Our mission is to make a positive impact, and make it easy for everyone to be able to do small things as part of everyday life. We want to scale up internationally but the basis of what we do is to enable impact. I am looking forward to innovating ways to measuring that impact.

Do you think your line of work is supportive of women?
The team here is very diverse, and we have a lot of women in the team. Because Eishel and I are female founders, it’s been easy to attract women in to the business. Some companies do struggle with diversity but it’s not been a problem to for us to attract a really diverse team.

Is there anything you’d recommend to women and girls who would like to do what you’re doing?
Everything takes much longer than you think so have back up plans to always keep yourself progressing. Have people around you with expertise that can help you. Get advice early on and get your customer validation continuously. Business is all about people – network and build relationships and partnerships wisely.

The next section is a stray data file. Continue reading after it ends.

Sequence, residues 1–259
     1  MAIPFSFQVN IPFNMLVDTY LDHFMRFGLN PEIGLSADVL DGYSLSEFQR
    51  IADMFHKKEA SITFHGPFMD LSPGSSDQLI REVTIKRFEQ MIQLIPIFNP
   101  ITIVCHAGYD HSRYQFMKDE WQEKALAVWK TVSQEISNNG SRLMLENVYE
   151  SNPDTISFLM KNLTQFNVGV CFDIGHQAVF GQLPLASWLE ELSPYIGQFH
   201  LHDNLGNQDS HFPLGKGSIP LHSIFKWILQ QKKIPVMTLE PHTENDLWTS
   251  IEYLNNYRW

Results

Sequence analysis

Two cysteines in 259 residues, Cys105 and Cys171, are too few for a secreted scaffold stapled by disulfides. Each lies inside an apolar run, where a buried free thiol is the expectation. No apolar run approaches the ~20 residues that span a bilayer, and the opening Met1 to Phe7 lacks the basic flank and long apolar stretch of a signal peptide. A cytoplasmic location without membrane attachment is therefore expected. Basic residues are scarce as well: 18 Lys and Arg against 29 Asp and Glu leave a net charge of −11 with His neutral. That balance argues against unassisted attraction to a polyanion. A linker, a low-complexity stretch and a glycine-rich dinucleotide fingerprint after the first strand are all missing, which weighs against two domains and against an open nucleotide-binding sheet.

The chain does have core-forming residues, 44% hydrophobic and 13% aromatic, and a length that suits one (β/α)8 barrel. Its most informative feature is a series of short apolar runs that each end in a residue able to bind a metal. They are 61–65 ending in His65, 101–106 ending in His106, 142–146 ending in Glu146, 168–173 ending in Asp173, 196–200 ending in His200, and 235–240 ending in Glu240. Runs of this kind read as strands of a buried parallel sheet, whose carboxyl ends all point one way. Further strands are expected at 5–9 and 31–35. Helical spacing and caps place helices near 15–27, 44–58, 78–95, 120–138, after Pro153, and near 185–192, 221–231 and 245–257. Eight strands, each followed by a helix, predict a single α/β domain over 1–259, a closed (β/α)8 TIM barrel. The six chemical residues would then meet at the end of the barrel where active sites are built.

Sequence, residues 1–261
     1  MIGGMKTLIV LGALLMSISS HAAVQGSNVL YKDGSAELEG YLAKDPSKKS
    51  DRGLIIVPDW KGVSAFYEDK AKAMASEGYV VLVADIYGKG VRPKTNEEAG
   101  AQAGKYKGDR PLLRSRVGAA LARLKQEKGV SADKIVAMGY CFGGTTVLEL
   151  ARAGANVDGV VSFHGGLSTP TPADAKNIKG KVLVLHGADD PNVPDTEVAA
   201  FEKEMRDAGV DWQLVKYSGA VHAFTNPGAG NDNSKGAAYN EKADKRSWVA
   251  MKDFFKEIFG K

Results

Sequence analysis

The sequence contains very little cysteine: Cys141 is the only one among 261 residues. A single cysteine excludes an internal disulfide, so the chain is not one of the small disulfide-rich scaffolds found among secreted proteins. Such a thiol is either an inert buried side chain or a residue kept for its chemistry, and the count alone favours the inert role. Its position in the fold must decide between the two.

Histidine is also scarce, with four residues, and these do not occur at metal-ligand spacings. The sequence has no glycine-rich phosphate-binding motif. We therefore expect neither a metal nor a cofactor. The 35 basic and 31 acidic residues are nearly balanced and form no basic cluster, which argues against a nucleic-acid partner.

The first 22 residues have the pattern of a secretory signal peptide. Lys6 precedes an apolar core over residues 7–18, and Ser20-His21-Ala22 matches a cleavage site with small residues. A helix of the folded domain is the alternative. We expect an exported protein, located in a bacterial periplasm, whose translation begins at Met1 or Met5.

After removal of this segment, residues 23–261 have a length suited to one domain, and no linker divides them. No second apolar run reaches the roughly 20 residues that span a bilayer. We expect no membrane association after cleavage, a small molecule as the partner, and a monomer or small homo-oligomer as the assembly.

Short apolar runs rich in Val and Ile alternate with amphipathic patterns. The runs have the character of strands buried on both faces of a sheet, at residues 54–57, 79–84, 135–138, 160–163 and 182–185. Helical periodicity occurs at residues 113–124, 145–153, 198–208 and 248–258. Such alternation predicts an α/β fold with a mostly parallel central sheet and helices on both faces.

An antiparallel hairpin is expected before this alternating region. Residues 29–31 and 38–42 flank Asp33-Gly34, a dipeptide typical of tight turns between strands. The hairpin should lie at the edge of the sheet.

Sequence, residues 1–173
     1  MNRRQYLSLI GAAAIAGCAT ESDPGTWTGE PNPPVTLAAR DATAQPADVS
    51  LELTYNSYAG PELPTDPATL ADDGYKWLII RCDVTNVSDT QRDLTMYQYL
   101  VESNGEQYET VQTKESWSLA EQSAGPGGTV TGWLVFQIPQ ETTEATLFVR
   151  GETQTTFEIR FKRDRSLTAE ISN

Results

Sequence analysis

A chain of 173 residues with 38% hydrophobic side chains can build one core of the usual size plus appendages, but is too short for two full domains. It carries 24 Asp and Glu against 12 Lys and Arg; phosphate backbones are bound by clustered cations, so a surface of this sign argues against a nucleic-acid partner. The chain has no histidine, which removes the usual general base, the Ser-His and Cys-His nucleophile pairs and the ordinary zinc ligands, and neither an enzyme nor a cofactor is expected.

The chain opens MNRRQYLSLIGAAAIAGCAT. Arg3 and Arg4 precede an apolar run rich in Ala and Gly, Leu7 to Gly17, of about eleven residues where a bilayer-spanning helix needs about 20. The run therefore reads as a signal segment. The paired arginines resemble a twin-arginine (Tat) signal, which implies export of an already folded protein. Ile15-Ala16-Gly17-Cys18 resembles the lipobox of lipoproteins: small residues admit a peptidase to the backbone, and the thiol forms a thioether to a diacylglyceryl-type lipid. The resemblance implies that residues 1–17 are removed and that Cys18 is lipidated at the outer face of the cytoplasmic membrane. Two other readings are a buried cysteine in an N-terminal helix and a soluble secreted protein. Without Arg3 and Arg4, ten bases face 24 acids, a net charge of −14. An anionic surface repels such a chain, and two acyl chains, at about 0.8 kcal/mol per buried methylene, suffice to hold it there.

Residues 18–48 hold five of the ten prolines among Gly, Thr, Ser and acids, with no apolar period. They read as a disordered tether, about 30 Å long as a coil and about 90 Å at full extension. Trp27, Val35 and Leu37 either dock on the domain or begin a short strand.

What has been the best opportunity from your career?
Getting We Work as a partner, as they are global. They are there to help us as we expand, and they fit in to our ethos in terms of making positive impact in local communities. Pitching to them and securing them as an investor has been a great experience.

What are you proud of?
For Eishel and I to have this vision and then make it a reality, that has been great. I’m immensely proud of that.

Is there anything you wish you could do more of?
In an ideal world, everything would happen quicker. I am hungry for things to materialise and to build, expand and innovate. In reality, planning and implementing is always takes longer than you think.

Who inspires you?
Richard Branson. We’ve met him a couple of times and he’s been so successful and continues to be so, but he’s also very humble and a nice person, and always has wise words of advice.

What do you do when the working day is over?
We have two dogs. We walk them at the park and the beach, and relax with them.

Image of Loral Quinn
Loral Quinn, interviewed by Poppy Gerrard-Abbott